So you want to learn how to scuba dive… What do I need to know before I go? How do I find a good deal on lessons? And most importantly, what’s the best place to learn?
This article breaks everything down for you. Happy diving!
What to do before you go
You may be champing at the bit to leave for some exotic local and learn how to scuba dive in resplendent blue waters—while winging everything and learning on the fly. Don’t do this. By preparing even a little bit, you can ensure that you have a more successful, safe, and fun trip.
Do your homework
Before you dive in (pun!) and commit to scuba diving in some far flung location, consider getting your feet wet (another pun!) at a location nearest to you.
There’s a lot of online lessons and resources available for free or for a reasonable price. PADI (the Professional Association of Diving Instructors) offers an open water online certificate for $175, as long as you live in the US. By learning as much as you can before leaving for a diving education trip, you can save both money (you won’t have to take as in-depth a course, since you’ve already completed some online classroom lessons) and time, leaving you with more time to enjoy diving at your chosen destination.
Also, knowledge will always help you in any endeavor. If you’re not able to take an online course, bone up on the subject by reading articles (you’re reading this one, so you’re off to a good start!), check out a book at the library, or go in to your local dive shop and pick the brain of someone there. The more you know!
Caveat emptor is Latin for “buyer beware.” This was a good lesson to learn in ancient Rome, and it applies doubly to the world of dive instruction. My advice is simple: diving is a potentially lethal activity, and you should approach learning it with the utmost caution. The skills you learn in a course and the gear you use could keep you alive or they could kill you.
When choosing a vendor with which to learn to dive, don’t be stupid and don’t be cheap. If you’re seem to be getting a deal too good to be true, you’re probably end up with a disreputable vendor who will endanger you by teaching you poor technique and giving you bad gear. This is especially true in foreign countries you’re unfamiliar with: many scuba diving destinations are tourist traps where local hustlers find their marks in unsuspecting travelers.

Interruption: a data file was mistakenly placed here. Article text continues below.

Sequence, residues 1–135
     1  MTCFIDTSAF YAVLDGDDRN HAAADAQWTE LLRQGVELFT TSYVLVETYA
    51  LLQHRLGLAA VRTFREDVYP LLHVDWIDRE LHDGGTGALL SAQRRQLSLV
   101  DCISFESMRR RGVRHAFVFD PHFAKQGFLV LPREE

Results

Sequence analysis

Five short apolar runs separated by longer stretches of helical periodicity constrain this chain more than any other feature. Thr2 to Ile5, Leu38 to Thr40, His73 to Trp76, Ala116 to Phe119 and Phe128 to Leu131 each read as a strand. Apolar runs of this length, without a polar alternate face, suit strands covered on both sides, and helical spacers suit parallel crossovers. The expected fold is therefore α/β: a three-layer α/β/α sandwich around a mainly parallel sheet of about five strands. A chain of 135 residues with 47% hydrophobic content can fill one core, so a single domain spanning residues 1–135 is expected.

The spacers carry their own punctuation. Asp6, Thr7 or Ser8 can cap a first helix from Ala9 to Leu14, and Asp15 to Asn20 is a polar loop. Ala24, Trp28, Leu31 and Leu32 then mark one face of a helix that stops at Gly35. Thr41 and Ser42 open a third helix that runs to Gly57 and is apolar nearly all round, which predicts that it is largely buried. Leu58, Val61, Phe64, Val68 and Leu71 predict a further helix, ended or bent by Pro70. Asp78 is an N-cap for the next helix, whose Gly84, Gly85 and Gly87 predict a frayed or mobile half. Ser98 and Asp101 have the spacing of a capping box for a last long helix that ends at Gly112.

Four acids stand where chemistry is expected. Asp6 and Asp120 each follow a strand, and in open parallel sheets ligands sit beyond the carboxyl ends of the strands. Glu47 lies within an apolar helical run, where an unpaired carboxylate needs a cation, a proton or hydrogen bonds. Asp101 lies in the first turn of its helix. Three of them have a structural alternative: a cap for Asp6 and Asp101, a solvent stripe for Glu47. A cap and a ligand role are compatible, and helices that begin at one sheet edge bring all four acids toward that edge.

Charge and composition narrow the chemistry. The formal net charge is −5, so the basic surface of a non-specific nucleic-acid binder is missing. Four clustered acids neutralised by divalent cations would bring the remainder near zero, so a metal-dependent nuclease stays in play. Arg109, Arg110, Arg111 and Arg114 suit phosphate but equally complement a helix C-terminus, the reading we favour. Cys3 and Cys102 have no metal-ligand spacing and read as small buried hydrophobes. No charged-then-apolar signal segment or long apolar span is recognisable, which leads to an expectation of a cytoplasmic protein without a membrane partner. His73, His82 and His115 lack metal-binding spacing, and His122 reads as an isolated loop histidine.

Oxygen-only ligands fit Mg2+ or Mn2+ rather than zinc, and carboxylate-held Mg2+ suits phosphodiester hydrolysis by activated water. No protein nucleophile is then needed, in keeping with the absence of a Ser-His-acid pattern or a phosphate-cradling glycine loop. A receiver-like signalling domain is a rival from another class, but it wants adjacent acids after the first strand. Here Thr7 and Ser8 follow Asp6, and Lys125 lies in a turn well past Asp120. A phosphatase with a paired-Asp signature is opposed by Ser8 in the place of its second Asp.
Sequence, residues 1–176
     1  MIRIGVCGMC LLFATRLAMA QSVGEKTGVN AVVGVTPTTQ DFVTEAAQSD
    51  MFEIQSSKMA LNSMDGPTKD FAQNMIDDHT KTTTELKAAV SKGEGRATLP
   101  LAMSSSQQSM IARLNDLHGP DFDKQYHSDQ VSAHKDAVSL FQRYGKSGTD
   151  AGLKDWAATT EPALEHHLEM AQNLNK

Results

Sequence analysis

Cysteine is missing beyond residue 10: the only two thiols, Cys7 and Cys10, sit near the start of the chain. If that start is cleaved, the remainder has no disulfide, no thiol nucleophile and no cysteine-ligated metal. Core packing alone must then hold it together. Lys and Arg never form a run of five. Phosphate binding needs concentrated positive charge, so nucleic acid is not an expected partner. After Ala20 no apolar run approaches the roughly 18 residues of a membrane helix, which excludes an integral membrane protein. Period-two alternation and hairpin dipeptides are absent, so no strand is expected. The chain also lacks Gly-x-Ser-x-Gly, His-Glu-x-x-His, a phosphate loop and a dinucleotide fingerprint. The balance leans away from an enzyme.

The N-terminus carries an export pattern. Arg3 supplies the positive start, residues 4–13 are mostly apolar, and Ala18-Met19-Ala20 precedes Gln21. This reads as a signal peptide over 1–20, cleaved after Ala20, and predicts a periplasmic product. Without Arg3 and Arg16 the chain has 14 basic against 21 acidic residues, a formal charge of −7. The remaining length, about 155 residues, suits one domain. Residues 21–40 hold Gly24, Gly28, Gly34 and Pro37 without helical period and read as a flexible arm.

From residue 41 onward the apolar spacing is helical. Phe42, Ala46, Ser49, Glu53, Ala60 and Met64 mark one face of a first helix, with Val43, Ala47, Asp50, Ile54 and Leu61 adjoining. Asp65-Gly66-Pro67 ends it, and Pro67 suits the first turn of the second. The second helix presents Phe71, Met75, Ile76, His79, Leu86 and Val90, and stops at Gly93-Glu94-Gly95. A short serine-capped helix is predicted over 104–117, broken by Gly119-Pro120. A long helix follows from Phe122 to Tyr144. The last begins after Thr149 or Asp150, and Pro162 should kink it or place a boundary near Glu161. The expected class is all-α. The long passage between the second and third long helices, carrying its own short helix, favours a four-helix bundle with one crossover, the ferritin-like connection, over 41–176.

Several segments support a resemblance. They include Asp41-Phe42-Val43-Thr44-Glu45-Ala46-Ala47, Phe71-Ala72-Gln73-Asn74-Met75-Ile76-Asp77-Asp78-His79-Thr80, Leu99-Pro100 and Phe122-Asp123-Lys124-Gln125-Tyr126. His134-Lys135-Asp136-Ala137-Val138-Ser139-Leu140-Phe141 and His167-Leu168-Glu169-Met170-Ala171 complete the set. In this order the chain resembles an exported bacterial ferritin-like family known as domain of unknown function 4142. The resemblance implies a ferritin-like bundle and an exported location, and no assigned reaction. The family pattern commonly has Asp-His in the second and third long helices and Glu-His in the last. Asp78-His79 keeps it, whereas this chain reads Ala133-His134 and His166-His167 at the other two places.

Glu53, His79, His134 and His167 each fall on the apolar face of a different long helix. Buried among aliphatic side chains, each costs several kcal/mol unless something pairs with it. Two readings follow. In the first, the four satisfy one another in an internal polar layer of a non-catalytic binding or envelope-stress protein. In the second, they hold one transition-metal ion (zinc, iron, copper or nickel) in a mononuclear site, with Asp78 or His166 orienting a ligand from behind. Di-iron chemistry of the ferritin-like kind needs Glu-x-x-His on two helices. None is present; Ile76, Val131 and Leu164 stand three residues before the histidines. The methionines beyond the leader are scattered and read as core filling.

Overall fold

With scuba diving, it really is worth it to pay more for a reliable and reputable dive company. Do your research before you head on your trip. Look up online reviews, send out emails to companies that seem promising, and trust your gut on which companies seem to be the most reliable.
Where to go to learn to scuba dive
This is almost certainly the cheapest option available to you. If you’re one of the lucky ones to live close enough to a dive area that you can drive to, why would you want to dive anywhere else? It might be a dim, dank backwoods pond (and not a tropical paradise like you were hoping!) but it would still be the easiest and most efficient way to learn how to dive. By learning to dive close to where you live, you will become familiar with the character of your local waters and the local dive community—where you will be diving most often, if you stick with the sport.
It might be tempting to go someplace with a reputation for great diving, but remember that diving for many people is a lifelong passion. It’s an activity that you can turn to constantly to renew your wonder for the nature world and just have fun. If you end up sticking with diving, those exotic diving areas will always be there for you to go to—and anyways, it would be better to visit them after you become a competent diver.
Ko Tao, Thailand
Now if the last section didn’t dissuade you from choosing someplace close to you (or perhaps for you, Thailand is close) this is one of the premier spots in the world for diving. Learning to dive here would be like learning to rock climb in Yosemite Valley or learning to bake bread in France. It’s one of the best in the world.
Among Ko Tao’s many attractions for a diver: it’s one of the only places in the world to dive next to whale sharks. It’s also diveable year round, although many dive shops will close during the winter.
The Visayas, Philippines
Like the last location, the Visayas in the Philippines is one of the premier dive spots in the world. It has one of the most diverse array of marine life on the planet, in addition to a stunning complement of coral.
In addition to its natural wonders, the Philippines also is a fairly cheap place to travel in. Reasonably priced accommodations and scuba lessons can be found.
Santa Cruz, Galapagos Islands, Ecuador
Santa Cruz is also a fairly cheap place to travel to and learn how to dive. You won’t be breaking the bank while you dive next to an immense number of different fish, rays, and sea lions. Just watch out for the native hammerhead sharks! They’re (supposedly) friendly.